Polygon co-founder raises $50 million for Web3-focused investment firm

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Polygon co-founder Sandeep Nailwal and Cere Network’s Kenzi Wang had raised $50 million for Symbolic Capital, an early-stage investment firm that aims to support Web3 projects globally and provide support for startups in creating “consumer-facing decentralized apps” or dApps.

The firm aims to leverage Web3 projects “at the earliest stage possible”. Despite the present low-performing crypto market, Symbolic Capital already had made 15 investments in Web3 companies, three of which include Blinkmoon, Planet Mojo and Op Games.

“My core mission is to bring mass adoption to Web3, and that mass adoption is only going to happen via apps. It’s not like I’m going to build a blockchain, and people will come and use the blockchain — nobody uses blockchain directly. They always use it via some app,” said Nailwal via TechCrunch’s Anita Ramaswamy of the firm’s goal and objective in backing dApps companies.

Ramaswamy wrote that the fund for Symbolic Capital was raised from “other venture firms, crypto exchanges, family offices and institutions”. The names of these backers were not disclosed.

About Symbolic Capital, future plans

The young firm sets itself apart from other similar entities by claiming that it is run by “crypto founders” and is the first firm exclusively spearheaded by such individuals. This also affects how the firm approaches projects it would invest in. Aside from merely investing, Symbolic Capital would provide “a hands-on approach” such as advisory, recruiting and even marketing.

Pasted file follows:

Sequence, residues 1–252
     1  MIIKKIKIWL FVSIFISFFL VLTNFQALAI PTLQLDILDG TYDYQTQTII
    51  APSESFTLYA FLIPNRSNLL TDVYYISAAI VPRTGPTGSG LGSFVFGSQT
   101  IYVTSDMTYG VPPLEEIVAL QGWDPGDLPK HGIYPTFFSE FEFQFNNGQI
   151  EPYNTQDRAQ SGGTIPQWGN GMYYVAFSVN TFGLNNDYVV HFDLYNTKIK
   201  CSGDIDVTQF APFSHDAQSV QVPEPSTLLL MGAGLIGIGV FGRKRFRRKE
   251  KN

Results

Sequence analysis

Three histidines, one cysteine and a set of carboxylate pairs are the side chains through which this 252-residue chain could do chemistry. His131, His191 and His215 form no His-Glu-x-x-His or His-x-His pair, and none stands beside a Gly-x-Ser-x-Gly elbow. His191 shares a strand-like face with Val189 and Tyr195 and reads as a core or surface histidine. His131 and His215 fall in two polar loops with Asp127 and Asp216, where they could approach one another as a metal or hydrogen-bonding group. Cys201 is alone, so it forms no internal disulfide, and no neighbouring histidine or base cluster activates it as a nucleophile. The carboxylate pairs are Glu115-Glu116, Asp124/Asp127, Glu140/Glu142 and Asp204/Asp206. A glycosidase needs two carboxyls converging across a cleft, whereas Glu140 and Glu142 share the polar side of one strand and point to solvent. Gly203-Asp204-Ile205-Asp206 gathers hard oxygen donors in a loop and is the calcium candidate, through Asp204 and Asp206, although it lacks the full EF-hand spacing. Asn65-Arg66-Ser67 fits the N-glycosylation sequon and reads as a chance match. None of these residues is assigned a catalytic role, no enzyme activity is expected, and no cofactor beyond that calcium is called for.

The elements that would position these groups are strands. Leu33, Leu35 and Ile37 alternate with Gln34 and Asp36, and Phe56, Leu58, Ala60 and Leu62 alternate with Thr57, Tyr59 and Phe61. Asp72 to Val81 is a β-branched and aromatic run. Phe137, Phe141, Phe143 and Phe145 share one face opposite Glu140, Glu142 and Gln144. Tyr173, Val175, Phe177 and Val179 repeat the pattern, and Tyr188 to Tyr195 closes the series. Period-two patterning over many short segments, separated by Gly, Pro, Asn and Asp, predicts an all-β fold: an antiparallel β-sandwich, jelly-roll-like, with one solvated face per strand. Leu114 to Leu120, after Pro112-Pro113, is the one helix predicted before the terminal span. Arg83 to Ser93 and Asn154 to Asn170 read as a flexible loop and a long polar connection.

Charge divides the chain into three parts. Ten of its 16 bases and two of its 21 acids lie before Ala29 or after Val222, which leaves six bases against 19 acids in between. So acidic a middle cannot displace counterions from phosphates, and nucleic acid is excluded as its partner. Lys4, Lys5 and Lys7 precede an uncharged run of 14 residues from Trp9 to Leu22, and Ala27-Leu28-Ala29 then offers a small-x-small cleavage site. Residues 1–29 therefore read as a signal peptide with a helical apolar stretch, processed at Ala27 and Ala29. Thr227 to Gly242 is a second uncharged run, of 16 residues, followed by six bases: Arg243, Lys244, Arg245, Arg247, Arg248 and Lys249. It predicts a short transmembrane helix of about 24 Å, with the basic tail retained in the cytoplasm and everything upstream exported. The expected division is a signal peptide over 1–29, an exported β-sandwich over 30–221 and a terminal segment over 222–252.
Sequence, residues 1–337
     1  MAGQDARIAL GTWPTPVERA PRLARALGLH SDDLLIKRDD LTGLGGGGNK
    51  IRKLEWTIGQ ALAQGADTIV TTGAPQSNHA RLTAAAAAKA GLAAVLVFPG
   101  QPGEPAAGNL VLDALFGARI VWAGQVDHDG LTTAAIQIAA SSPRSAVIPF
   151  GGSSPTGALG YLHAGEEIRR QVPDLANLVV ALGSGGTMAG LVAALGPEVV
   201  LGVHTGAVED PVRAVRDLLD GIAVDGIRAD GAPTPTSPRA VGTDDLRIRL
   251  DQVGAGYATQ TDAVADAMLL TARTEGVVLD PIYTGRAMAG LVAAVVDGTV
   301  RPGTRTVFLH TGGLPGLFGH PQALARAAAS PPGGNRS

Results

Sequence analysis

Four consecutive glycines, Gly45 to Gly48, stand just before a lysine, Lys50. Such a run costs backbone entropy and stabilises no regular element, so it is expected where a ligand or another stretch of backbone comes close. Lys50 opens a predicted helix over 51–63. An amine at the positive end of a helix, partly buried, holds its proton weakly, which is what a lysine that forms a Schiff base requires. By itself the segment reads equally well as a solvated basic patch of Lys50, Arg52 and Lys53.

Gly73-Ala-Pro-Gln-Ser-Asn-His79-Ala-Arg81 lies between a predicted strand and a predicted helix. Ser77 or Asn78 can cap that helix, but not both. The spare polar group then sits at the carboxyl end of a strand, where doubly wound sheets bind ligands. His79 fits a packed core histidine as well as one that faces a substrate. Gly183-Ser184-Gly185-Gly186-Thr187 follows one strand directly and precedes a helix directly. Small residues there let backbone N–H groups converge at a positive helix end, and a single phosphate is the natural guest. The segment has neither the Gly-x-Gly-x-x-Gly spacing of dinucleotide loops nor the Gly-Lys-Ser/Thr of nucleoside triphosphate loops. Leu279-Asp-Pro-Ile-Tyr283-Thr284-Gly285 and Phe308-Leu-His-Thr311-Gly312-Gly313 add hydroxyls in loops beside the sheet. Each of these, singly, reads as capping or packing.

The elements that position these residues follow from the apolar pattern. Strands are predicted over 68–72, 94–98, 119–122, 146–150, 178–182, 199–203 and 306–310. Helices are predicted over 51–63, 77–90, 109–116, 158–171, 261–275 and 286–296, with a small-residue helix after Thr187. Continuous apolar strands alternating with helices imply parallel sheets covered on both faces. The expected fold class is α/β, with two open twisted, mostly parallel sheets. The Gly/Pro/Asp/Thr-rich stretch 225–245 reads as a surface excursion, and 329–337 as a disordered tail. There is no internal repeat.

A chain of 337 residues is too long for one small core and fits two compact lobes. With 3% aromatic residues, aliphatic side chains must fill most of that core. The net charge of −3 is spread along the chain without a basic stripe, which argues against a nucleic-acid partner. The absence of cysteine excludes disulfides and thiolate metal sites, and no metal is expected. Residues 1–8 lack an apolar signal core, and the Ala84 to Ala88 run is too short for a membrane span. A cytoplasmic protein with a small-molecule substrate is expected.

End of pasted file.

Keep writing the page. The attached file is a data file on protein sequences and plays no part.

In expanding its reach and portfolio, Symbolic Capital has six main investment areas, which include Web2 to Web3, interoperability, ZK applications, NFT consumerization, the metaverse and creator economy.

“We’re an early-stage $50m VC fund supporting the best Web3 founders globally,” the firm wrote. “We’re one of the first VC firms led exclusively by web3 founders, allowing us to provide unparalleled support to the builders in our portfolio.”

Both Nailwal and Wang are co-founders of their own projects before joining hands with fellow like-minded individuals to set forth Symbolic Capital. Coming from similar tech and blockchain backgrounds, both founders agreed to a relatively simple, pretty straightforward idea with the young firm — to back founders who came from emerging markets. Via Ramaswamy, Nailwal plans to contribute 80 to 90 percent of the firm’s capital to these founders.

“Because they are all pushed against the wall for their survival, they need to build something that will generate some revenue, and they can survive on that,” he added.

“Many of them have the capability that they are able to build businesses which eventually acquire users, but you need to help them to keep reinventing themselves and upping their bar so that once they have a proven model at a smaller scale, they keep growing at a much bigger scale and reinvent their ideas and business model.”

In the future, as Symbolic Capital grows alongside projects that it invested in, Nailwal hopes that founders backed by the firm could pay it forward by becoming “angel investors” to other growing projects.

“We want to do [this] for both the portfolio companies, as well as the founders, who we believe eventually will become angel investors in many of the new projects that will come [through Symbolic],” said the co-founder.